After lunch we all engaged in a large participatory wargame, New Dover Patrol. This revolved around a vicious separatist insurgency against the rightful government of Silvania by Kippist religious extremists. Faced terrorist gangs seizing parts of the southern city of New Dover, the government had been forced to call upon the United Nations and the powerful country of Freedonia to assist. (Of course, my perspective in all of this may have been distorted somewhat by playing the role of the President of Silivania.)

Jim Wallman presents the game.

Jim Wallman and Tom Mouat present the game.

My government was anxious to get as many Freedonian troops on the ground as quickly as possible, both to combat the extremist menace and to assure their continued commitment. To this end, Freedonian marines seized the port district while our own battered forces performed gallantly and liberated the airport from Kippist terror gangs. This allowed the rapid follow-on of additional forces.

As evidence of their treachery, Kippist extremists tried to assassinate me. Although bloody, I was unbowed, and called upon the country to redouble its efforts. At the same time I held out a hand of reconciliation to moderate rebels who might wish to abandon violence and seek a political settlement. Sadly our efforts were rebuffed by the fanatics.

The enemy was steadily pushed back, but not without heavy collateral damage that began to eat away at Freedonian political support for intervention. This was compounded by the sometimes less-than-cautious activities of the Freedonian air contingent, as well as a second amphibious landing to the west that captured the area around the New Dover water treatment plant—but at the cost of damaging the facility and risking an outbreak of disease. We pressed for the UN to address the humanitarian emergency, and as the game ended we had also called for a local ceasefire in the area around the water treatment plant so that we could effect repairs.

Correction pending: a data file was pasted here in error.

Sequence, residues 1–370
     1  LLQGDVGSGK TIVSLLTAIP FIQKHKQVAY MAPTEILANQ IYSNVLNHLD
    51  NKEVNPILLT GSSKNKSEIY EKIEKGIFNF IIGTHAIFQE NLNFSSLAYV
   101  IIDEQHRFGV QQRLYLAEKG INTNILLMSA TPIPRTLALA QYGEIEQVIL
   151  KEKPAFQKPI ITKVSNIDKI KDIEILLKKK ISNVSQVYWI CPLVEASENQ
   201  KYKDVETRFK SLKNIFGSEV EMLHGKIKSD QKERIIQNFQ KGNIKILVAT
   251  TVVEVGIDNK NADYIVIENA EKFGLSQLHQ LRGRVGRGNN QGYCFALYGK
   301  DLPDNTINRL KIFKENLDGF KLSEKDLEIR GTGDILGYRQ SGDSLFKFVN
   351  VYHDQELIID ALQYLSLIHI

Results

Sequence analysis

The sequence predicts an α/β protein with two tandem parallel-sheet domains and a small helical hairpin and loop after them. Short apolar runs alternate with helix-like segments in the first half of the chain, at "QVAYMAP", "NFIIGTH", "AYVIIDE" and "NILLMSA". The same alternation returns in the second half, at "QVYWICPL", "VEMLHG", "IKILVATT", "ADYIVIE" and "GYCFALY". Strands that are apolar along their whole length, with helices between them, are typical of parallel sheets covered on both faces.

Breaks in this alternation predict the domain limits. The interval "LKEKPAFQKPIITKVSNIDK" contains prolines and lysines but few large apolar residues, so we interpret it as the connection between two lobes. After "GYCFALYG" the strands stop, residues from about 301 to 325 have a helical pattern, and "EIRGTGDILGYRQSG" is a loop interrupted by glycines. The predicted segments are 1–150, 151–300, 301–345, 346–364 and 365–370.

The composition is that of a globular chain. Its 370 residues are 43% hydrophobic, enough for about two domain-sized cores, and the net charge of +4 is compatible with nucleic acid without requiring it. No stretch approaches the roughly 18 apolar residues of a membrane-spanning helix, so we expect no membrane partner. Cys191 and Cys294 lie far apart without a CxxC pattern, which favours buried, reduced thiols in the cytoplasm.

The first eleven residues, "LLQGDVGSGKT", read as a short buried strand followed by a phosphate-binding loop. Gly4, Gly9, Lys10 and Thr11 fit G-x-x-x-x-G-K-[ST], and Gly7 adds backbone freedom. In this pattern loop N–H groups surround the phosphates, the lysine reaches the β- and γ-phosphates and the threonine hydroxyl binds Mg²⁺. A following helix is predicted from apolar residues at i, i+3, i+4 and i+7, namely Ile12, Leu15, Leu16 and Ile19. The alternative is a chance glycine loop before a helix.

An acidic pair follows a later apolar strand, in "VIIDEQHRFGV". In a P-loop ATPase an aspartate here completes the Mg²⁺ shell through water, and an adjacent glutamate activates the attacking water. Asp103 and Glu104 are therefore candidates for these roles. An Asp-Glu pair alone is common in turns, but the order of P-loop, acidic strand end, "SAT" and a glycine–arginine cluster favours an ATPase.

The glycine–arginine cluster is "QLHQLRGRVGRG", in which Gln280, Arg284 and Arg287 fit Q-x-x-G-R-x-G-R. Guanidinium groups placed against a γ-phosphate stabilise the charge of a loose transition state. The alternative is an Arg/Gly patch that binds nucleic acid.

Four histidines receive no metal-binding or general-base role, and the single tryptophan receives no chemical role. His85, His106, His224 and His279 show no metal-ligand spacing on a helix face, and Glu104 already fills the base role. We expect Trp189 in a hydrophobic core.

Following the game we then had an analysis session in which we discussed both how the campaign had been fought as well as the strengths and weaknesses of the game design. I thought the game went very well indeed, despite the difficulty of having scores of players all in one tiered lecture theatre.

For the penultimate session of the first day we broke into three groups: Tom Moaut discussed “wargaming effects;’ Jim Wallman explored “developing insights from wargaming;” and Graham Longley-Brown (LBS Consultancy) led a session on “fully engaging the player.” I took part in the latter. Graham stressed the many ways in which truly engaging play supported games-based learning. He did an especially good job of suggesting how we ought to frame the gaming experience so that students remain in both the flow of game play and the “bubble” (or the “magic circle”) of narrative setting. I absolutely agree, and in my Brynania simulation I spent a great deal of effort immersing students in a fictional conflict in a way that generates enthusiasm and emotional commitment to role and interaction. However, I raised the concern that engagement ought not be allowed to substitute for clarity about learning objectives—after all, it is possible to be enthusiastic about learning the wrong lessons. This, I think, was a problem with the Jane McGonigal/World Bank EVOKE social entrepreneurship game. It is, in a somewhat different way, a problem also explored by Anders Frank, who has written about military cadets entering “gamer mode” wherein they are so motivated to win that they exploit game mechanics in ways that undermine realism.

Graham's impressive diagram.

Graham’s impressive diagram.

Finally, we had a hot-wash discussion of how the day had gone.

Both here and at the US Connections conference these first day lecture/course/introduction sessions face a couple of challenges. The first is how to pitch them: although they are intended to aid relatively new wargamers develop their skills and knowledge, a great many of the people in the room are actually very experienced gamers. That may skew the discussion. Second there is the risk that we all tend to discuss the approaches we habitually use, which may mean that some techniques receive more emphasis than others. Nevertheless I thought it was all very well done.

Tomorrow the main session program starts in earnest, with discussion of wargaming developments in the UK and around the world, as well as a games fair (including a demonstration of AFTERSHOCK: A humanitarian Crisis Game).